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I find the Mathematica has the iterator data structure. We can build some iterators like this:

Constant iterator

GeneralUtilities`ConstantIterator[5]

Key value iterator

GeneralUtilities`KeyValueIterator[<|a -> x, b -> y, c -> z|>]

Range iterator

GeneralUtilities`RangeIterator[9]

We can find all iterator functions with

Names["GeneralUtilities`*Iterator*"]

But I don't know how to process the iterator, as Mathematica has no function like next on Python:

>>> string='FhC'
>>> it=iter(string)
>>> next(it)
'F'
>>> next(it)
'h'

Update

Michael E2's answer clear this problem a lot,But I hope the DelegateIterator, IteratorGraph, JoinMapIterator, SingletonIterator, StreamIterator, TerminatorIterator and ToIterator can be discuss still.

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  • $\begingroup$ Re update: Their code can be inspected and it's fairly easy to understand, since it's so short. $\endgroup$ – Michael E2 Jan 22 '17 at 21:08
  • $\begingroup$ @MichaelE2 It's seem this seven function little complicate.You mean you understand it all? $\endgroup$ – yode Jan 22 '17 at 21:18
  • $\begingroup$ I have no need to understand it all, but I can read, if ever I need them. But it seems they are under development (see comments to my answer), so I probably won't base code on them at this point. At least not code that I expect to use more than once. (Stuff in GeneralUtilities` sometimes changes.) $\endgroup$ – Michael E2 Jan 22 '17 at 21:25
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Such functions set up a one-time iterator, i.e. a GeneralUtilities`Iterator. Its functionality may be inspected with

? GeneralUtilities`Iterator

and so forth. Except for a ConstantIterator which always returns the same value (forever), they go sequentially through values until they return GeneralUtilities`IteratorExhausted.

The main (if internal) utility is GeneralUtilities`PackageScope`PullIterator:

foo = GeneralUtilities`KeyValueIterator[<|a -> x, b -> y, c -> z|>];

GeneralUtilities`PackageScope`PullIterator@foo
GeneralUtilities`PackageScope`PullIterator@foo
GeneralUtilities`PackageScope`PullIterator@foo
GeneralUtilities`PackageScope`PullIterator@foo
(*
  a -> x
  b -> y
  c -> z
  IteratorExhausted
*)

One can see from inspection with ?... that one can do such things as Map, Scan, Fold, Read, etc., over iterators:

foo = GeneralUtilities`KeyValueIterator[<|a -> x, b -> y, c -> z|>];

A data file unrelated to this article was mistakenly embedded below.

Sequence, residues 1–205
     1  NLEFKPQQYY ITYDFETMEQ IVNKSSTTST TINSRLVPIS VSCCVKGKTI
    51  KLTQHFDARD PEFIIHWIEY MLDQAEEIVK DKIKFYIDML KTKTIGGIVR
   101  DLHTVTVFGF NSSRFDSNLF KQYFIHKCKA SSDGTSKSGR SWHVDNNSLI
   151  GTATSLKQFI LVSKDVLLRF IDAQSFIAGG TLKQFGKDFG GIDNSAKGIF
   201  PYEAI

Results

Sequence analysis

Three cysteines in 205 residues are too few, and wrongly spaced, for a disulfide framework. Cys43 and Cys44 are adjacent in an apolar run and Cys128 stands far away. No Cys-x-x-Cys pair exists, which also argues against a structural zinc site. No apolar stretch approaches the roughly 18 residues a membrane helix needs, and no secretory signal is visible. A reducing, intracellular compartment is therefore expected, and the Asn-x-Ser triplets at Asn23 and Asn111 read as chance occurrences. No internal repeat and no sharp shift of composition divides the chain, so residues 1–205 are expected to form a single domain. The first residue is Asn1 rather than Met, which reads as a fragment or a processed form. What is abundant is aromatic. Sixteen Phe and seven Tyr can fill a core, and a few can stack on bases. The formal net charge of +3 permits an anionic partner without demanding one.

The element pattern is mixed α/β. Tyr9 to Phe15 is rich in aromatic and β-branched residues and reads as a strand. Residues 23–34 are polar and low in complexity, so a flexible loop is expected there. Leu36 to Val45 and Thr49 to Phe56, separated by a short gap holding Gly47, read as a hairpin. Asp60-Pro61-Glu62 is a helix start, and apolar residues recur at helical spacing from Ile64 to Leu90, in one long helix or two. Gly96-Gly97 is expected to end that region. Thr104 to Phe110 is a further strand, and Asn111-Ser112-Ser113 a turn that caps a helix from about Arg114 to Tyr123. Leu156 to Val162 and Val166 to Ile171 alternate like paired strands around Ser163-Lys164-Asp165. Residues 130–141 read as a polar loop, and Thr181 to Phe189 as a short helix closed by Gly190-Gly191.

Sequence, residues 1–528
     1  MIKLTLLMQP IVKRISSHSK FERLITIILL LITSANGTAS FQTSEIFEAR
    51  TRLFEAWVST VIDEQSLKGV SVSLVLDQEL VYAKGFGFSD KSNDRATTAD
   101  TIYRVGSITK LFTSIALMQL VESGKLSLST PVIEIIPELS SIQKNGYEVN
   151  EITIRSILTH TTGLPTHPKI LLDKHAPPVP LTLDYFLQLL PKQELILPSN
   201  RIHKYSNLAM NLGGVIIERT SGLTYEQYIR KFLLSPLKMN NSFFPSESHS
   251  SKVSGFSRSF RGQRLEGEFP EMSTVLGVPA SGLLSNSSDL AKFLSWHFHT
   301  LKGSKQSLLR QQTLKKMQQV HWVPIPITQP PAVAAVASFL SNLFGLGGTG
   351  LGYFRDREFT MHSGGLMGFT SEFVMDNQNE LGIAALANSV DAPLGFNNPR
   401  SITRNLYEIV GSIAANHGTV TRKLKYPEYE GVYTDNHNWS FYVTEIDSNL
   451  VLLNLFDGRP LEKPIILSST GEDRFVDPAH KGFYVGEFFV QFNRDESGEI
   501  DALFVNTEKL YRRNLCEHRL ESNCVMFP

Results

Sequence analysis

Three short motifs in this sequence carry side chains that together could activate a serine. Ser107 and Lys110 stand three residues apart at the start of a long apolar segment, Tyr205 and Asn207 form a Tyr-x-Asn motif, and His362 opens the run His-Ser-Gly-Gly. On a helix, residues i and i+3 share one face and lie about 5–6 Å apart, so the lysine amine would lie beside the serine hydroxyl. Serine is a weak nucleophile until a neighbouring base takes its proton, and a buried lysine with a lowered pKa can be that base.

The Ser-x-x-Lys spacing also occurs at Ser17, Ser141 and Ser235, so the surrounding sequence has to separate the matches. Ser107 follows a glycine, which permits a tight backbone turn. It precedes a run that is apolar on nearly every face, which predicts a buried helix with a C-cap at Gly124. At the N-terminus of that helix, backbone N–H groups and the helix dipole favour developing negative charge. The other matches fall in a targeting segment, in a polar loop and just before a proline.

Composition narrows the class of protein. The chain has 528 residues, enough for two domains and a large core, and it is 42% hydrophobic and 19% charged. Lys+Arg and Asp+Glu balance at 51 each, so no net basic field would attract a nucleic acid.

Map[f, foo]
(*  {f[a -> x], f[b -> y], f[c -> z]}  *)

Normal converts them to a list:

foo = GeneralUtilities`KeyValueIterator[<|a -> x, b -> y, c -> z|>];
Normal[foo]
(*  {a -> x, b -> y, c -> z}  *)

Other functionality can be inspected with ?.

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  • 5
    $\begingroup$ +1. It would appear that in V11 Map, Scan, Fold and Select are all eager. This limits the usefulness of iterators (e.g. Map[10 #&, ConstantIterator[3]] is a bad idea). I guess we'll need to wait for Leonid's streams to hit prime time :) Incidentally, Read is the analog of Python's next. $\endgroup$ – WReach Jan 22 '17 at 5:50
  • $\begingroup$ @WReach 1. Does it matter for Fold? 2. I wish you had referenced your discussion at mathematica.stackexchange.com/questions/838/… $\endgroup$ – Alan Jan 22 '17 at 6:01
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    $\begingroup$ @Alan No, it does not matter for Fold (I was thinking FoldList). I suppose Scan is arguable as well since it is executed for side-effects. Neither would be a good idea on an infinite stream. $\endgroup$ – WReach Jan 22 '17 at 6:26
  • $\begingroup$ +1, good exposure of internal stuff :). There is a hope that at some point soon iterators will get a standardized treatment in WL. $\endgroup$ – Leonid Shifrin Jan 22 '17 at 14:03
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    $\begingroup$ @WReach Hopefully soon now. Have to say though, that LazyList / its iteration process is only coarse-grained lazy, and works in chunks, where operations within a single chunk are eager. This is done for performance, in the first place. The user can in principle control the chunk size, but setting it to 1 will lead to really large framework overhead. $\endgroup$ – Leonid Shifrin Jan 22 '17 at 14:05

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